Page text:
Making healthcare more human begins with a step in the patient’s shoes
July 28, 2021
There is no shortage of technology with the potential to transform healthcare today. But is the accumulation of these technologies truly making a difference?
In recent years, we’ve seen unprecedented innovation in healthcare technologies. For several years, the industry has used advanced robotics to deliver and manage care. We are seeing innovation in devices that sense movement, temperature and voice inflection. We are virtually monitoring and treating chronic disease, such as diabetes. And we are now well into the era of artificial intelligence and machine learning, fueled by the early stage of cloud in healthcare.
The breadth of innovation is important, but it will only have the desired impact if empathy is part of the equation. Those healthcare organizations that step into the patient’s shoes and use empathy to reshape access, experience and outcomes can emerge strongest in this new era of care.
We all know that healthcare is about helping humans, but our industry hasn’t always applied the human perspective in products and services. Through our work with healthcare organizations all over the world, we have learned that technology is not the be all and end all. However, technology is a critical enabler in making people’s lives better and healthier through improved access and affordability, great experiences and better outcomes. Let’s take a closer look at these human expectations of our health system.
Healthcare should be accessible, meaning convenient, equitable and affordable for all—including a full range of services from prevention and treatment to rehabilitation and preventative care. However, we know this isn’t always the case. Half of the world's population does not have access to the healthcare they need.1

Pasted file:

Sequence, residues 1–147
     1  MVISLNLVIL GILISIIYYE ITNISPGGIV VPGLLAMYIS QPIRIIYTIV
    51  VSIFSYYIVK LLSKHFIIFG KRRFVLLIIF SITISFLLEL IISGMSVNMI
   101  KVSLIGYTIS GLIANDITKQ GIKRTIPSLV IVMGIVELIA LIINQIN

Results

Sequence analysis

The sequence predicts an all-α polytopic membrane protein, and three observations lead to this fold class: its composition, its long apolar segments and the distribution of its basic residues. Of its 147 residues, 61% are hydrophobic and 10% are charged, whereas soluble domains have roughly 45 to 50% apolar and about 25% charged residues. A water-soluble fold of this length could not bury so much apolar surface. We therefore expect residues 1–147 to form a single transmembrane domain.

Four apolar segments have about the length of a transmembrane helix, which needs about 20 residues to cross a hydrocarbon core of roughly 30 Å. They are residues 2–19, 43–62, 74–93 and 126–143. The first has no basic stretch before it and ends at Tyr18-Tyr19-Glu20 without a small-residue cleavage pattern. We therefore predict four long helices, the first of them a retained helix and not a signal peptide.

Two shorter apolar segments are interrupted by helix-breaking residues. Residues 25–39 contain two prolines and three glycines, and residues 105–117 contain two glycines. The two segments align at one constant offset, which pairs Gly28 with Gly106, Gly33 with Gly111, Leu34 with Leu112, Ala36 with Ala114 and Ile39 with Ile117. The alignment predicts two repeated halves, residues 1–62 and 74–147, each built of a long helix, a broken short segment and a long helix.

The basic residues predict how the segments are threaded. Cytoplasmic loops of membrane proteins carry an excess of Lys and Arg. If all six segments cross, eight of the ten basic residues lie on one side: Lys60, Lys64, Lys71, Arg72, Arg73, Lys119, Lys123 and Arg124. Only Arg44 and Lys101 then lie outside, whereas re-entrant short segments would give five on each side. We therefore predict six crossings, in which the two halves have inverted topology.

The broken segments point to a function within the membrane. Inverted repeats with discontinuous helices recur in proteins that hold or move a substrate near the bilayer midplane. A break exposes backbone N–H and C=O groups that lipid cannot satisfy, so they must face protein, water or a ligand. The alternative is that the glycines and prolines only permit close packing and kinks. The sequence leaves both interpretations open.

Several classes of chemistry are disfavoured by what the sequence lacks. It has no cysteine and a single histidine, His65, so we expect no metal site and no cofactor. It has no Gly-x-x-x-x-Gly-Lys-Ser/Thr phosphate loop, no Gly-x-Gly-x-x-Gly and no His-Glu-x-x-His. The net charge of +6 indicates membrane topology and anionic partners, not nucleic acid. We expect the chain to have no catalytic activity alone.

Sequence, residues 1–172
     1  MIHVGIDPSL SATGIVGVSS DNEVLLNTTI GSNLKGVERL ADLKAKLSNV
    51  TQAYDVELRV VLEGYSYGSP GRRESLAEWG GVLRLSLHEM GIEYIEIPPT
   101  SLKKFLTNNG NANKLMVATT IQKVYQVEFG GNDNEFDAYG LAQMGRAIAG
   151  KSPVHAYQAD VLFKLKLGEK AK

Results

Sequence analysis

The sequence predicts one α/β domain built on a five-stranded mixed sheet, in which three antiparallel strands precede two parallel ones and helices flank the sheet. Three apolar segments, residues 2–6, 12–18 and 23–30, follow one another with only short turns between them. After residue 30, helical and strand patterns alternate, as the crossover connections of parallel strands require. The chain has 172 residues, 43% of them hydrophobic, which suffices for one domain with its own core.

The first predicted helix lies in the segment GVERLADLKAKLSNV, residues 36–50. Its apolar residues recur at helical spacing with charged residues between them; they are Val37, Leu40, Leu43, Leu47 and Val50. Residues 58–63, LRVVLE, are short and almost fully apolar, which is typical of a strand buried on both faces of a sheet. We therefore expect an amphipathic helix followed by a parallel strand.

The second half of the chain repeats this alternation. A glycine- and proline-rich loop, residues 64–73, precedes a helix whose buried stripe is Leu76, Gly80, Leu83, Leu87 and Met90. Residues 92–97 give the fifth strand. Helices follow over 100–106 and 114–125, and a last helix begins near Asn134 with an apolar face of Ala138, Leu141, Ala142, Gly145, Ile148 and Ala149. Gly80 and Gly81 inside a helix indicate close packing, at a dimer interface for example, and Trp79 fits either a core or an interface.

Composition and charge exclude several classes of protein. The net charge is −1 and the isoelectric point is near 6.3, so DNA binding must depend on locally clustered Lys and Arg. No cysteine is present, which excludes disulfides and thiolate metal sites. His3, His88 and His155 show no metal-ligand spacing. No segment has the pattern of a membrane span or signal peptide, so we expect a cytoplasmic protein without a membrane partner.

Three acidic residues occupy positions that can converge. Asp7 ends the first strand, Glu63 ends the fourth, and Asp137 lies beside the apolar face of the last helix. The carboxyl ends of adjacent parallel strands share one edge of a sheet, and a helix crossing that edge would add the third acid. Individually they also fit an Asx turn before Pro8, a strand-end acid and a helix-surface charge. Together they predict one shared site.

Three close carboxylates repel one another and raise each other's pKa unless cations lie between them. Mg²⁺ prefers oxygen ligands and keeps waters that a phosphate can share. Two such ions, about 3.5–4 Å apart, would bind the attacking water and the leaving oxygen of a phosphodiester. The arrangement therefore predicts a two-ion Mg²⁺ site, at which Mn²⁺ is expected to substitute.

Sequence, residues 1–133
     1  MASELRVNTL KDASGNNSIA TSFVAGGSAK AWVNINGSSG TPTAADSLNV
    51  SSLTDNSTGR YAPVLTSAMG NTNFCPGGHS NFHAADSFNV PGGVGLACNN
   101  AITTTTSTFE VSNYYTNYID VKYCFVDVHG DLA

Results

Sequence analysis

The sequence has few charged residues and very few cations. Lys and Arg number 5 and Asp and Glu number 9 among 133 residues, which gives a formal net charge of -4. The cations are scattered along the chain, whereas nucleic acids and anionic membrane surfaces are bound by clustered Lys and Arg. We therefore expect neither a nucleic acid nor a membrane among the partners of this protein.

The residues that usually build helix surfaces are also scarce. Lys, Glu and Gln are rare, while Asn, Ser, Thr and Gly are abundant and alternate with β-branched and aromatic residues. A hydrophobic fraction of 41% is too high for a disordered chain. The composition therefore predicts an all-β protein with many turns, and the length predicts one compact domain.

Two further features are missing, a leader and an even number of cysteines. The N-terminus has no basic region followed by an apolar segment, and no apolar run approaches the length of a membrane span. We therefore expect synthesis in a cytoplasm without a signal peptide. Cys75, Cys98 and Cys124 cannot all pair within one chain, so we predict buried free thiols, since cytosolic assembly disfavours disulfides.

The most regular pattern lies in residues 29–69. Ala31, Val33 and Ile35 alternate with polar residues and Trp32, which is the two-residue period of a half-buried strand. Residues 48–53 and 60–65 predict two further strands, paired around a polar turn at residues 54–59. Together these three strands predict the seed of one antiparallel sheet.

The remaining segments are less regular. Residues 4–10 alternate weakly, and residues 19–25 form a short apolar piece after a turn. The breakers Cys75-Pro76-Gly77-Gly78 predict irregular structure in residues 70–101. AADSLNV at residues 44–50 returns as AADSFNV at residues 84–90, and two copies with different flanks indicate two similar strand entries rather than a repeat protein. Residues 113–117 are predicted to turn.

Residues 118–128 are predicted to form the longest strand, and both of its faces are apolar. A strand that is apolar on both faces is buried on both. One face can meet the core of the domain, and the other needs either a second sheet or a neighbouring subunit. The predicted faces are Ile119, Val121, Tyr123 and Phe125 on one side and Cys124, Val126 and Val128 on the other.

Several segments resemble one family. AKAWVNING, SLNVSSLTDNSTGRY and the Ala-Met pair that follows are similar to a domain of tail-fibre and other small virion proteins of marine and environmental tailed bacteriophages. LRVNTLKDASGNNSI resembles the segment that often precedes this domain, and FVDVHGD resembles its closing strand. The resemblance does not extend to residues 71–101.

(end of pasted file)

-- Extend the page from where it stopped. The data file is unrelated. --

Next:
Recent Accenture research highlights that many healthcare consumers (58%) are likely to use telehealth or virtual visits for future healthcare needs, including preventative care or diagnosis of an illness or injury, instead of going into the office or hospital. Data shows that preventive screenings have decreased during the pandemic, especially as many don’t have access to computers, smartphones or broadband internet, thus limiting their ability to use virtual services. Furthermore, hundreds of millions of people worldwide are providing unpaid caregiving to friends and family in the home. Clearly, many healthcare services that are essential today (such as virtual) are not convenient, equitable and affordable.
Our industry knows that experience matters. In fact, 92% of health executives rank delivering a highly personalized experience as a top strategic priority for their organization.2 So why aren’t healthcare organizations delivering the same types of convenient and personalized experiences that consumers have come to enjoy from other industries? For instance, hotels have become exceptional at personalizing the experience and fostering communication with guests. They are using data to understand and act on preferences, such as the desired room or pillow type. They are also communicating information to guests before, during and after their stay. This is not the case in healthcare.